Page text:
Wordless Wednesday

Afternoon cuppa, with lemon-thyme flavoured shortbread. Image: Su Leslie 2018

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It’s raining again

rain splash

Rain on the outside table. Image: Su Leslie 2018

It rains all year round in Auckland. You know it’s winter when it’s worth wearing a raincoat because it’s a bit too cold to let your soaked clothes just dry on your body.

But even by Auckland standards, the last few weeks have been really wet. Yesterday morning, we had 872 lightening strikes in a two hour period, and about 24mm of rain — that’s around twice the monthly average.

rain splash on table

Too wet to eat outside — too wet to even get a proper shot of the table. Image: Su Leslie 2018

The Met Service is forecasting a respite over the next few days — showers instead rain.

Not a rolling stone then

moss agate

Moss agate; from the boy-child’s old rock collection. Image: Su Leslie 2018

“A rolling stone gathers no moss”

I had forgotten the boy-child’s long-ago interest in rocks, until I recently found the shoebox in which his collection has languished. The “moss” is not organic, but formed by the action of different minerals in the composition.

According to Crystals Online, it also:

… has a lovely positive energy, it is said to increase hope and optimism and to improve confidence and self-esteem.

It is strongly connected to nature and is said to assist you in feeling the beauty that is nature. Moss Agate is said to bring abundance and prosperity into your life. It is believed to be a stone of new beginnings helping to release you from deep-seated fears and blockages that might be holding you back.

In physical healing Moss Agate is believed to speed up convalescence after illness or injury and to boost the immune system. It is thought to be anti-inflammatory, reducing swelling and lowering temperatures.

Perhaps I should strap it to my arthritic knee, which is giving me serious grief today.

Posted to Macro Monday

The loveliest distance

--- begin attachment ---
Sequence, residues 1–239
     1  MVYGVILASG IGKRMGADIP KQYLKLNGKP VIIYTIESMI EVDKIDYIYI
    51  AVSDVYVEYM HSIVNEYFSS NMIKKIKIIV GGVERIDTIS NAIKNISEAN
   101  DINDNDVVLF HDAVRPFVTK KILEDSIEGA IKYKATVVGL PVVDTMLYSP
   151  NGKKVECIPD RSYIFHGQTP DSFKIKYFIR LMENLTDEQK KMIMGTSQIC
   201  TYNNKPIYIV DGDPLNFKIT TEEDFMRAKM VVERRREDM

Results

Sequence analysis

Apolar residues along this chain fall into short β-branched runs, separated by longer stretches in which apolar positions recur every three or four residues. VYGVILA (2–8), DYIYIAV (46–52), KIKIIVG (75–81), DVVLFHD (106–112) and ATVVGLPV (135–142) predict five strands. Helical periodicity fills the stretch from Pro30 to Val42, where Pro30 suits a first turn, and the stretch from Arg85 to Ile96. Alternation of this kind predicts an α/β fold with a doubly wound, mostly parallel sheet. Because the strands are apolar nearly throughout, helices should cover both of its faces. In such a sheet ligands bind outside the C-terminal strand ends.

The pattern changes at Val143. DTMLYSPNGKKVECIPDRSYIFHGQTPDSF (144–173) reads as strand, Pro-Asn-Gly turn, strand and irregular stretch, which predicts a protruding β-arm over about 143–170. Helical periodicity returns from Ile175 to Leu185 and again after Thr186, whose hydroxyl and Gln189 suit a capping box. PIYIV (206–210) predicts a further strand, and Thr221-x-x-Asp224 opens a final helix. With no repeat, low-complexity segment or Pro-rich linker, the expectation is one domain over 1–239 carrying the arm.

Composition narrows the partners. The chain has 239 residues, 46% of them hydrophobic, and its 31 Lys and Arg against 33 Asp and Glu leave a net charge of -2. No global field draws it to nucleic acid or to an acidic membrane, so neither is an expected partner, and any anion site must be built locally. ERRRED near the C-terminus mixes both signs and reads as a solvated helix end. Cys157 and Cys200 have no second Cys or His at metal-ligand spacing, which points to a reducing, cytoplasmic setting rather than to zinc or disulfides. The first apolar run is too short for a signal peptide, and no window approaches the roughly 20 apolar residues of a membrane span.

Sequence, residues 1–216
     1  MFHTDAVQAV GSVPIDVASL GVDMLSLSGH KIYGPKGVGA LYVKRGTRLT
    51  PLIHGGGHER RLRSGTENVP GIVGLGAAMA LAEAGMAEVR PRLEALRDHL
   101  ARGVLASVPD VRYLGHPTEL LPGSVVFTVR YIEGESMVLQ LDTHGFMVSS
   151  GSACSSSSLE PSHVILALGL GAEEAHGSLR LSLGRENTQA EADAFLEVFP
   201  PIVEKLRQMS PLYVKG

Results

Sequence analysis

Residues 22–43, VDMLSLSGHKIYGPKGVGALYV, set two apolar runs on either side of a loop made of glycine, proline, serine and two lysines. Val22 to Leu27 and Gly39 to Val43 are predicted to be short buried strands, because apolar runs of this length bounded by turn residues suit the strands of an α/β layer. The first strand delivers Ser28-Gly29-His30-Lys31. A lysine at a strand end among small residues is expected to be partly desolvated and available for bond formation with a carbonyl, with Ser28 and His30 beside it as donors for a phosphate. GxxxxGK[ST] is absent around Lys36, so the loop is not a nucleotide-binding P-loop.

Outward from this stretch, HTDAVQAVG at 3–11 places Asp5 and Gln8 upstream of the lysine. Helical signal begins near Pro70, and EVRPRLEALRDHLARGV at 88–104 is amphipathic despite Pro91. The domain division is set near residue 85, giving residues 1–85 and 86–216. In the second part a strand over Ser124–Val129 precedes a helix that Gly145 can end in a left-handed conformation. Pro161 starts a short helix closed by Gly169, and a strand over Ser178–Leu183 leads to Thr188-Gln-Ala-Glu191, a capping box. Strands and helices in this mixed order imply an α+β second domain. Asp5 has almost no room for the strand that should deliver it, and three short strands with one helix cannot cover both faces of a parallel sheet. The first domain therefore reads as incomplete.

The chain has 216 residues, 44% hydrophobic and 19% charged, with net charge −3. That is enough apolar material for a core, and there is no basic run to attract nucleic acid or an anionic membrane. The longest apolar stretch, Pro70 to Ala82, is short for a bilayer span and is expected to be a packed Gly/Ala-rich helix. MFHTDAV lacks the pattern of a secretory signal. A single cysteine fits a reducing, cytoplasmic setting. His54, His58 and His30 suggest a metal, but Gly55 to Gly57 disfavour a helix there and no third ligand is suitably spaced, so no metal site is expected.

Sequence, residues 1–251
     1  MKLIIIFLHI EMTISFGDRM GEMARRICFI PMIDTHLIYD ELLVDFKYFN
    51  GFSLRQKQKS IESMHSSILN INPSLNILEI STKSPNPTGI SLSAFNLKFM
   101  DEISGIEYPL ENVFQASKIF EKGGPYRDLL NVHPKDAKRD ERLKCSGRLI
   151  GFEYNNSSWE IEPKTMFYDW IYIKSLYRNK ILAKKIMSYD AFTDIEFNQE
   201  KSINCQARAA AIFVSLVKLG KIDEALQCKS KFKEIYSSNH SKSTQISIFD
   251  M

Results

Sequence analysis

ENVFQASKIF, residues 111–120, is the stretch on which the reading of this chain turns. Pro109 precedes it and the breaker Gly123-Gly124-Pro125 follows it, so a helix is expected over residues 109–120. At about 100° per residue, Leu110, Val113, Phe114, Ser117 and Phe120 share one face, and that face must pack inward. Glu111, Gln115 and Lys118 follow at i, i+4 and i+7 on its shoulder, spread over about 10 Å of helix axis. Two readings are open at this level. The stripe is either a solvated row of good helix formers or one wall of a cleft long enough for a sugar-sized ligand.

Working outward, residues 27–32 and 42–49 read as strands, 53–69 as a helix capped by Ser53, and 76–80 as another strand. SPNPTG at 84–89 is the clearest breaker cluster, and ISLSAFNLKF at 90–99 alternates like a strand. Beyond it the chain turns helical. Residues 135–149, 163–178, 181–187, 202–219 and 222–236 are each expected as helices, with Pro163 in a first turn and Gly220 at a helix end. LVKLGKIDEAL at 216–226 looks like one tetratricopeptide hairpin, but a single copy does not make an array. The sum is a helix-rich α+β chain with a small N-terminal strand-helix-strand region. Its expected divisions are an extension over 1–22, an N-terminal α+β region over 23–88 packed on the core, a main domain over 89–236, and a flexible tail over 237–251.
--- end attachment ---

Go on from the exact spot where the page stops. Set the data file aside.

child drawing

“A curved line is the loveliest distance between two points.” — unknown. Children’s art class. Image: Su Leslie 2018

Art begins with the line; sketches, paintings, even three dimensional works.

It seems to me that the urge to mark lines on a surface is quite fundamentally human. From paleolithic cave art to toddlers “redecorating” walls with Mum’s lipstick (true story — but it was my brother, honest); in all times and at all ages we seek to explore, document and indeed change our world with lines and all that flows from them.

Or as art historian Sir Kenneth Clark put it:

The difference between what we see and a sheet of white paper with a few thin lines on it is very great. Yet this abstraction is one which we seem to have adopted almost instinctively at an early stage in our development, not only in Neolithic graffiti but in early Egyptian drawings. And in spite of its abstract character, the outline is responsive to the least tremor of sensibility. 

At a cultural level, line-making helps to define humanity.

At a personal level it makes us happy — and sometimes deeply unhappy.

“Every child is an artist. The problem is how to remain an artist once we grow up.” — Pablo Picasso

The joy children experience in making art can so quickly be extinguished by external — and internal — critics. “That’s no good” becomes “you’re hopeless at art”, which becomes “I’m not creative.” I actually heard a woman at an art workshop say that while introducing herself to the group.

I started writing this post for Debbie’s One Word Sunday, where this week the word is lines. Then I realised that when I talk about art, and about making art, I am also talking about happiness. So I’m adding the post also to the Lens-Artists challenge | happiness is.

Regular Random: five minutes with a pomegranate

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Image: Su Leslie 2018

Pomegranates don’t grow well in New Zealand. They require more growing days than our climate generally provides, so aren’t really a commercially viable fruit.

This means that the pomegranates we can buy come from the US, and are available for a very short season.

Now.

My general shopping rule is to buy local, and boy do pomegranates challenge this. The juicy little arils add colour and crunch and a wonderful little pop of sourness to so many dishes.

In our house, pomegranate tends to be paired with duck, salty cheeses, oranges and mint for a dessert salad — or just eaten by the handful.

About Regular Random

Regular Random is a photo challenge hosted by Desley Jane at Musings of a Frequently Flying Scientist. Please pop over and take a look;  and if you’d like to join in:

  • choose a subject or a scene
  • spend five minutes photographing it – no more!
  • try to not interfere with the subject, instead see it from many angles, look through something at it, change the light that’s hitting it
  • have fun!
  • tag your post #regularrandom and ping back to Desley’s post.